Now that you know what maskne is and what causes it, let’s talk about the top signs that you have it.

According to a scientific article published in 2020, there’s a set of criteria for diagnosing maskne. [12] They include:

  • An onset of acne that occurs within six weeks of wearing a face mask regularly;
  • Worsening acne within the area covered by a face mask, termed as the “O-zone” by the authors;
  • Exclusion of other potential skin issues, such as inflammation, rashes, or rosacea.

So, if you find that you’re experiencing an acne outbreak within the “O-zone,” or the area covered by your face mask and it’s appeared within a few weeks of wearing a mask on a regularly basis, odds are pretty high that you’re dealing with maskne.

While we don’t know when masks will be making their much-anticipated departure from our daily lives, the good news is that researchers and dermatologists have made suggestions on things you can do to help prevent or eliminate maskne.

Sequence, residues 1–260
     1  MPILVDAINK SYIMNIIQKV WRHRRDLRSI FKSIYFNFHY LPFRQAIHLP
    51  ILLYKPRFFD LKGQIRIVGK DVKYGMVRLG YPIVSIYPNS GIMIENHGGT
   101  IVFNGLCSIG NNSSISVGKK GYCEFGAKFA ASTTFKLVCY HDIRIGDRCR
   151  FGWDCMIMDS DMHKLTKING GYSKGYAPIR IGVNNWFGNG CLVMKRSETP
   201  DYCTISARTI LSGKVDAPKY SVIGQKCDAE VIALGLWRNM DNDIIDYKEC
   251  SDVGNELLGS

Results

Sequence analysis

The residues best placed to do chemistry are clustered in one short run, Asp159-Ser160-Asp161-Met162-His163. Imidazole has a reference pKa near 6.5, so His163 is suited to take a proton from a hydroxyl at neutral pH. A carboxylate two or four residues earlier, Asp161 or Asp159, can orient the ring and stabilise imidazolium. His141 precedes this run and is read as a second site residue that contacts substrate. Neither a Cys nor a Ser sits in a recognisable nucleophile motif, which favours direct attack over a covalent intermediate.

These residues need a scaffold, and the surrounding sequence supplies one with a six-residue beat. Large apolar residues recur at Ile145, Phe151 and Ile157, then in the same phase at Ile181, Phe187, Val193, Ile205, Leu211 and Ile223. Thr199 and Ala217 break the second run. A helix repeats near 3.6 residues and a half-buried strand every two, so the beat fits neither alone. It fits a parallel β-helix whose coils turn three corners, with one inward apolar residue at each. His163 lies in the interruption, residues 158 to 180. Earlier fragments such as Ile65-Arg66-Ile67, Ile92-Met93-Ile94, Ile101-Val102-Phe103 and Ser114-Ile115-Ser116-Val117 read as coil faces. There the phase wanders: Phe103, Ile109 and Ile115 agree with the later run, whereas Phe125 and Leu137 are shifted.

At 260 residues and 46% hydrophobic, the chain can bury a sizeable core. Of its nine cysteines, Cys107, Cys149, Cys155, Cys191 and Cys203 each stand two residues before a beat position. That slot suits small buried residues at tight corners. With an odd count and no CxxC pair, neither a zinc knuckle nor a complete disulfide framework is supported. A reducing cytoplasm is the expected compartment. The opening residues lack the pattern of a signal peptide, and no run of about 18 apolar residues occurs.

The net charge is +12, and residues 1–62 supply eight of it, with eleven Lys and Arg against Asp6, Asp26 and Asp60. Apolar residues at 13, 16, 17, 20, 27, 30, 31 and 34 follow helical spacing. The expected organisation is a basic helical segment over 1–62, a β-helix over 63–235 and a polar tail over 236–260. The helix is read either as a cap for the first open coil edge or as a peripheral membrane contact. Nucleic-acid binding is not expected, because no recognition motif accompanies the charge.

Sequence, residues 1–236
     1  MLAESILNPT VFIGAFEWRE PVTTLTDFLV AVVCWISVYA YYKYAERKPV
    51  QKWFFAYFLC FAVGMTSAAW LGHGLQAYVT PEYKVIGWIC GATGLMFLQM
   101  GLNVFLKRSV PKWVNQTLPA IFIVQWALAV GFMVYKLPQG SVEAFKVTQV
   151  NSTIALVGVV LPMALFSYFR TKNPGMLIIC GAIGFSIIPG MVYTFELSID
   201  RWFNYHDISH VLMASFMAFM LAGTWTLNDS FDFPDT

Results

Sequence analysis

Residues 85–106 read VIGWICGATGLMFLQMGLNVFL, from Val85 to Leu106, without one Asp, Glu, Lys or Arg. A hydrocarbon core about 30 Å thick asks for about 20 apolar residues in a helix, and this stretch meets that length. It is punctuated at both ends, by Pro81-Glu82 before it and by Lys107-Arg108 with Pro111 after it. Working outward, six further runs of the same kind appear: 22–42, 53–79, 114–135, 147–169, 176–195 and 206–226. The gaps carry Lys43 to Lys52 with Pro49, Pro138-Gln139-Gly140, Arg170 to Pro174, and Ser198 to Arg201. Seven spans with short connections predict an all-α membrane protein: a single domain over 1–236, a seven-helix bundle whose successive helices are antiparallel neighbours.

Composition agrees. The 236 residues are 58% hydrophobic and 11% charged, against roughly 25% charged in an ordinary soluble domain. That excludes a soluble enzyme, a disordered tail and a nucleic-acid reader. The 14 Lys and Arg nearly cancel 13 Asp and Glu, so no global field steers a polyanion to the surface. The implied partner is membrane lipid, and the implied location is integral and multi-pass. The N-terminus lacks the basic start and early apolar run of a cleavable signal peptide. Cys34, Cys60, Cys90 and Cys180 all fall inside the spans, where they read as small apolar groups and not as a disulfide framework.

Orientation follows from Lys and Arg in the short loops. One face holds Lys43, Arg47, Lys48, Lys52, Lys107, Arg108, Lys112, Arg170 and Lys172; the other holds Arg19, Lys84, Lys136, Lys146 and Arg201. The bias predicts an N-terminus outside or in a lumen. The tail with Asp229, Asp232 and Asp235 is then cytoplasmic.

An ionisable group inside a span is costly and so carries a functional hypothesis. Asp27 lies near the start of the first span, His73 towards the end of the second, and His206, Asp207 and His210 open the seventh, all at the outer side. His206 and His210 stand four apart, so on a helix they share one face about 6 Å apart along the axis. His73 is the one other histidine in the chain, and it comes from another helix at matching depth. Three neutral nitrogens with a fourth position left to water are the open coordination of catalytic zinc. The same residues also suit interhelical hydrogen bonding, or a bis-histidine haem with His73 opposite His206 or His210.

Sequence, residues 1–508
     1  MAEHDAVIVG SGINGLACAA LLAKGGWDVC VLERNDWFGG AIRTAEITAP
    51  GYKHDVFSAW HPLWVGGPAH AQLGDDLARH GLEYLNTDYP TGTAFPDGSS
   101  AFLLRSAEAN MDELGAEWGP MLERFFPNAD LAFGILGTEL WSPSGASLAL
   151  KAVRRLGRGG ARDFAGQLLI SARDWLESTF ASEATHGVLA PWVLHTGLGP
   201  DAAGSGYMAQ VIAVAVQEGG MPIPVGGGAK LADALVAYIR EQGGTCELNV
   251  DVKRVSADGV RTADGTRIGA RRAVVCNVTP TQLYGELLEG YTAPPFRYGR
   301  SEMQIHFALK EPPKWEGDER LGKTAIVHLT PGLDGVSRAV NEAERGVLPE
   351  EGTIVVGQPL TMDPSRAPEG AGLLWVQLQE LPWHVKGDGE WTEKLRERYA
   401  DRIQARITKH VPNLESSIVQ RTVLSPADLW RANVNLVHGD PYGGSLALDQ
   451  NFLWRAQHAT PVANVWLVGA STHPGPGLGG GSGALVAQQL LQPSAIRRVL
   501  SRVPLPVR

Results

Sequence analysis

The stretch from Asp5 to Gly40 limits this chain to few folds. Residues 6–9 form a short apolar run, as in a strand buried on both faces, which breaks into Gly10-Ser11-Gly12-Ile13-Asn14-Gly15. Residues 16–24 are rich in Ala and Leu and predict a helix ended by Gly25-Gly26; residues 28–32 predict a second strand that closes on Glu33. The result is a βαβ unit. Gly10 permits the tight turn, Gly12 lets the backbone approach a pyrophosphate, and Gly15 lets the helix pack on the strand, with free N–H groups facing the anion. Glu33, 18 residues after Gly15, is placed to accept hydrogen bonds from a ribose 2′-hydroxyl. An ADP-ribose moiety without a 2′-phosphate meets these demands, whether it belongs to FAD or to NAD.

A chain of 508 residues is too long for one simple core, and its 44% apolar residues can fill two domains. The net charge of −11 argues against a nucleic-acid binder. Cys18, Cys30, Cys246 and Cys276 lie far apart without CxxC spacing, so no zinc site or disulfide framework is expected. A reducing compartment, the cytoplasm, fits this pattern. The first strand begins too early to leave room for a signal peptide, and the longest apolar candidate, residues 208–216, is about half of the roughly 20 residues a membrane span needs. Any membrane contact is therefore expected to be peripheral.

So, let’s dive into some of the top maskne-fighting tips you can start using today.

5 Tips for Fighting Maskne

Here are the top five tips for fighting maskne. [13] Keep this list handy in case you experience an outbreak in the coming months.

1. Swap sunscreen for light-colored fabric masks with UV protection.

Because a lot of sunscreens are oil-based, which will only increase your likelihood of developing maskne, consider switching to masks with UPF (ultraviolet protection factor) 50 or higher.

Also, try to stick to masks that are lighter in color, which will help to reflect sunlight instead of attract it. This will help to keep your face cooler under your mask.

2. Use oil-free makeup.

Along the same lines of sunscreen, try to keep the area underneath your mask free of all oil-based products—and that includes makeup.

Look for brands that offer organic ingredients and clearly state that they’re oil-free products.

3. Wash your face with a natural anti-bacterial face wash.

Get in front of the acne by using a foaming face wash designed to clear clogged pores but also help prevent breakouts.

Personally, I love the brand Eminence. They have a variety of products for all skin types but also feature offerings designed to help balance the pH level of your skin.